The Social Welfare Appeals Office has no legislative authority to establish precedents. The SWAO exists only to apply precedents handed down by the Courts, not to ‘Establish’ uniquely unlawful precedents which do not exist in any rulings handed down by the Courts. It was this decision on a single person, in the Social Welfare Appeals Office in 1995, which resulted in all couriers/delivery persons at that time, retrospectively and forever more being labelled as self-employed.
The SWAO hearing of 12th June 1995 which is described as a case having been ‘Selected’ as a ‘Representative Test Case’ by the Secretary General in his letter of 2000 to the PAC, was not a representative test case. The true factual position is that no courier was present or represented at the Appeal hearing on 12th June 1995. These facts were reported on in Business & Finance Magazine in 2000, and continue to be ignored by the Department of Employment Affairs and Social Protection. The fact that all Appeal hearings are carried out in secret with no possibility of transparency, allows the process to be corrupted unchecked.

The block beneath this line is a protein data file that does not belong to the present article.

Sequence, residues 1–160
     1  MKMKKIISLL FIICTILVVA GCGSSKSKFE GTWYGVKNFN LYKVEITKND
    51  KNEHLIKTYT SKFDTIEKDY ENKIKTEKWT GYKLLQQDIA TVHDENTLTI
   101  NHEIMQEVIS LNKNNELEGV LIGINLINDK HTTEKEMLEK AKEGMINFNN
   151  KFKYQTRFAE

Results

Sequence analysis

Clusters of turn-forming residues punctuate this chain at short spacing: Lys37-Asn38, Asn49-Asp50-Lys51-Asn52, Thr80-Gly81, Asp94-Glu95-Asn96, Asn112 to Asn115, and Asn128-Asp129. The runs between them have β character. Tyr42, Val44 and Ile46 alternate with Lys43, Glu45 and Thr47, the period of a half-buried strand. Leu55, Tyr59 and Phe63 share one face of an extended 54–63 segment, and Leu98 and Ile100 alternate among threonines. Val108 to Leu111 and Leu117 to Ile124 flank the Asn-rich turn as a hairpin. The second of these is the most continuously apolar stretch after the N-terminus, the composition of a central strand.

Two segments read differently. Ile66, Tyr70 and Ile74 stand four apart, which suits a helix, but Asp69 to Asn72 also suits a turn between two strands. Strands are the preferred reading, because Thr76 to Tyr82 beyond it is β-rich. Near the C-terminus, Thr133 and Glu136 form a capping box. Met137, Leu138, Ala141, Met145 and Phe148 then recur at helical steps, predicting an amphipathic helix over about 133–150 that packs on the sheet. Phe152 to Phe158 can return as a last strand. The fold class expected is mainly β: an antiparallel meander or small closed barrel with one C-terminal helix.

The Department of Employment Affairs and Social Protection, in accepting the unlawful precedential test cases created by the Social Welfare Appeals Office, and in using those precedential test cases to classify workers as self-employed by default, is the biggest creator of bogus self-employed workers in the state. In reality, DEASP and the SWAO go far beyond unlawful test cases to maintain the unlawful ‘Status Quo’. I myself have summonsed a Social Welfare Inspector to Court where he admitted on the stand that he had falsified a report, which was exclusively relied upon by SWAO to overturn a Scope Section decision that I was an employee and not self-employed.